Statoil Completes Investigations after Incidents at its Terminal & PlatformSource: www.gulfoilandgas.com 12/21/2016, Location: Europe
The investigations following an industrial accident involving exposure to H2S at the Sture terminal and smoke development and a small fire in a utility shaft on Statfjord A have been completed. The reports have been submitted to the Petroleum Safety Authority Norway.
On Wednesday 12 October five people were injured after being exposed to H2S gas (hydrogen sulphide) at the Sture terminal outside Bergen. On Sunday 16 October smoke development and a fire in a utility shaft on Statfjord A was reported. Nobody was injured in the incident.
“The serious incidents that occurred this autumn are not satisfactory. It is imperative for us to carefully look into all aspects of the incidents to ensure that learning helps improve safety. The investigation reports will be systematically followed up with specific measures to further strengthen our safety work,” says Jannicke Nilsson, executive vice president and chief operating officer (COO).
Five people; two operators, one apprentice and two students on work placements, were exposed to H2S gas at the Sture terminal in connection with work on an H2S reactor. A 14-metre high concrete vessel, the H2S reactor works as a produced water and ballast water cleaning facility with a short vent pipe on the top. One of the five individuals was critically injured, one seriously injured and three individuals were slightly injured. All made a full recovery and are now back in normal routines at work and/or at school.
The internal investigation report defines the incident as having the highest degree of seriousness, and concludes that in other slightly different circumstances the incident could have resulted in fatalities.
“It is highly likely that the effort of the personnel at the Sture terminal helped prevent a more serious outcome of the incident. But the investigation shows that the safety of the employees was not adequately taken care of this October day. We take this very seriously, and it is crucial that we pursue the findings of this investigation report and use it to strengthen the safety work on the plants,” says executive vice president for Marketing, Midstream and Processing Jens Okland.
“In connection with this incident we acknowledge that we had not been able to empower the operations organisation at Sture to make the right risk assessments associated with the work on the H2S reactor. The conclusions in the report form the basis for both immediate initiatives and more long-term measures at Sture. This, in turn, will result in learning and sharing of experience with the rest of the company’s onshore facilities,” says Lars Rosenl?v, Statoil’s senior vice president for onshore facilities.
The report emphasises several root causes of the incident. Inadequate risk understanding, inadequate skills and emergency response management, in addition to failing barriers in connection with the inspection of the H2S reactor are key elements here. The report forms the basis for measures including: specific operational measures such as more use of portable gas detectors and improved operational procedures related to the H2S reactor, as well as general actions to help increase risk understanding among all employees and improve the quality of the safety work.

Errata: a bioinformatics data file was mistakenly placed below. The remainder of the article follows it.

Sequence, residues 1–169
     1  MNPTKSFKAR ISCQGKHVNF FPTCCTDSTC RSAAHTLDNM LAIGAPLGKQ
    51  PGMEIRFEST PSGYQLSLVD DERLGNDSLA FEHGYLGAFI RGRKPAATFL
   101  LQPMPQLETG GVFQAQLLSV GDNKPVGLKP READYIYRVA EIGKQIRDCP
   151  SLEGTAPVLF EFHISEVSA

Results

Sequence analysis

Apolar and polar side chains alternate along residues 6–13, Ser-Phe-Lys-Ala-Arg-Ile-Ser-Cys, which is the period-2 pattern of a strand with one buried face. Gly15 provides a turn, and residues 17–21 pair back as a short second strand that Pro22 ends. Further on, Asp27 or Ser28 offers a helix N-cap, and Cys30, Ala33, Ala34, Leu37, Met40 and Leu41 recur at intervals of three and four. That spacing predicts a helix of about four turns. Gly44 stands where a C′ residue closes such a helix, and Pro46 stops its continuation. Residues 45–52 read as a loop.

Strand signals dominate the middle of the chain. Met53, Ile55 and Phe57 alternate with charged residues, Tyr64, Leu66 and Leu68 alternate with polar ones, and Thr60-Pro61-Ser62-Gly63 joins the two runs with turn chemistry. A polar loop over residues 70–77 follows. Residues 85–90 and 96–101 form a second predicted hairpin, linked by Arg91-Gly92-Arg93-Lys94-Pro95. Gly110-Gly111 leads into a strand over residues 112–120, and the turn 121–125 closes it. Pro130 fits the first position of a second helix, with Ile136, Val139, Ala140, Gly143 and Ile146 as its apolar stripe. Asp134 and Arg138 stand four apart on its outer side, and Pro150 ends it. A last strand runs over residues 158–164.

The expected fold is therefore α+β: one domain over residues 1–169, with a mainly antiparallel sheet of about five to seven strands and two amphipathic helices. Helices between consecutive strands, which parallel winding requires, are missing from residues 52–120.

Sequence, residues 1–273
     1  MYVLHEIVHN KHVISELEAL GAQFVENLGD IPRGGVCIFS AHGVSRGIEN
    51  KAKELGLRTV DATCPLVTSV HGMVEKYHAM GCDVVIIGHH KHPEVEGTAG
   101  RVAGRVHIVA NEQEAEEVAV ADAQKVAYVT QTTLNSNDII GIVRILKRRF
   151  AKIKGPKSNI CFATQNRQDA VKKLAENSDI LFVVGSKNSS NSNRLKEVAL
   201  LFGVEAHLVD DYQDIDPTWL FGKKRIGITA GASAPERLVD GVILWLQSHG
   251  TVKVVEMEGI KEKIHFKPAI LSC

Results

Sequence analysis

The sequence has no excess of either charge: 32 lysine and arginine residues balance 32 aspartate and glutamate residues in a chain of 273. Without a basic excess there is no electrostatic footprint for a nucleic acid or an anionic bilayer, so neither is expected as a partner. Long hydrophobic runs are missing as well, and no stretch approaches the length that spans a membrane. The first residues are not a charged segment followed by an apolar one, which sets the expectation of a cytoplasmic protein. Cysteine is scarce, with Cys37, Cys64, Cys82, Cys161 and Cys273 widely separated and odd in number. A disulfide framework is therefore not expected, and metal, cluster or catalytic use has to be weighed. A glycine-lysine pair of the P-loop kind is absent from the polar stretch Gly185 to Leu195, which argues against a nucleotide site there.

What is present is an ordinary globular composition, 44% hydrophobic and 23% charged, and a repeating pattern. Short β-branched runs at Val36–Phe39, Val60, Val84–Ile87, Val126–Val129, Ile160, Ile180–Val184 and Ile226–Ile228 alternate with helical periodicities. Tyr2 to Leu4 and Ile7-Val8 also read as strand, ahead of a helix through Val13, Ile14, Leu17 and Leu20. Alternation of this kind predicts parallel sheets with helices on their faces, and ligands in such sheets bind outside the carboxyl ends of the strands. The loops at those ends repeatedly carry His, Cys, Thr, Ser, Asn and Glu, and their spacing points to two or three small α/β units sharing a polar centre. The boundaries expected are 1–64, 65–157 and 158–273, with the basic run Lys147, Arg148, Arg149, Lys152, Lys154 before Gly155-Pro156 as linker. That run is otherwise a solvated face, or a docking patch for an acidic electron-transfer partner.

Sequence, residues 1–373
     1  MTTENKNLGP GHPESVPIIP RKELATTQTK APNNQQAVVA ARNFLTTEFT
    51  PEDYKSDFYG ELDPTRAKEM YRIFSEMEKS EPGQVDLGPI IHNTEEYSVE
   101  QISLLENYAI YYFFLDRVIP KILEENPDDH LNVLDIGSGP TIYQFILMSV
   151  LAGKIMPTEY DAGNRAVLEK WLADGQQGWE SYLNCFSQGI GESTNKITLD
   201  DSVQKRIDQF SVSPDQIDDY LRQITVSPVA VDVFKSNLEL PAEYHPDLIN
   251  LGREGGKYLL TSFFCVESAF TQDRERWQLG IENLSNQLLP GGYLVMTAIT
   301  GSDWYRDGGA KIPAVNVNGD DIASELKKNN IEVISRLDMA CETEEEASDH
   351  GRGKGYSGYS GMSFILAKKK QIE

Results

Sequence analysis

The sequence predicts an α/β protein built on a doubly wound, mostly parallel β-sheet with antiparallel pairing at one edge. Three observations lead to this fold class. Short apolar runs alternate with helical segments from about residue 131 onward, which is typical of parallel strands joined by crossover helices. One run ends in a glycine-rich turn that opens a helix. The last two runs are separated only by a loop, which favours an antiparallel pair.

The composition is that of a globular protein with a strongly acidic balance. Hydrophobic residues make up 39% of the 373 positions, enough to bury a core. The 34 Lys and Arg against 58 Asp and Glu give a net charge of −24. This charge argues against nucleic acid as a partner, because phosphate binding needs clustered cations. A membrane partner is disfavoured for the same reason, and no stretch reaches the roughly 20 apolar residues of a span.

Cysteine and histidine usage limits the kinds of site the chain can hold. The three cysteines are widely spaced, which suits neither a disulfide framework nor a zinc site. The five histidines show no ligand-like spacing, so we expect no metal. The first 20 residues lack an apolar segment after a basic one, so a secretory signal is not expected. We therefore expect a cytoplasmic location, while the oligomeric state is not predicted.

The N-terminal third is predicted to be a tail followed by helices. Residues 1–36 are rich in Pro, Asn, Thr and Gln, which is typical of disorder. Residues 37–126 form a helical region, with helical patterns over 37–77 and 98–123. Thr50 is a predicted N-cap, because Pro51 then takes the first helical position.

A small fire occurred in the seal oil in the loading pump transferring oil from the platform to the tanker. When the stop signal to the pump was activated, it led to fatigue fracture on the shaft inside the switch chamber where the power is connected/disconnected. The fire was extinguished by the sprinkler system.
“The investigation report states that the risk of escalation was small, and concludes that the incident did not involve a major-accident potential. There was furthermore no potential for personal injury related to the incident, however, it gives us valuable learning that we will apply in our work to prevent recurrence and strengthen safety on our installations,” says Oystein Arvid H?land, Statoil’s vice president for safety and sustainability of Development and Production Norway.
Improvement work and safety
Several incidents this autumn called for actions to find out whether there are any connections between the incidents and Statoil’s improvement programmes.
“The two completed investigations do not prove any connections between our improvement work and the incidents. Nevertheless, we take signals of a demanding work situation due to many ongoing efficiency initiatives seriously. We evaluate this thoroughly, and follow up to ensure that the company’s improvement work strengthens both safe and efficient operation,” says Nilsson.
Other incidents that occurred this autumn are still under investigation. In order to follow up the incidents Statoil has initiated actions to expand and improve the company’s safety effort, with particular focus on safety management, learning and collaboration, both across the organisation and in relation to suppliers and collaboration partners. The Sture and Statfjord A incidents are also being investigated by the Petroleum Safety Authority Norway and the police.
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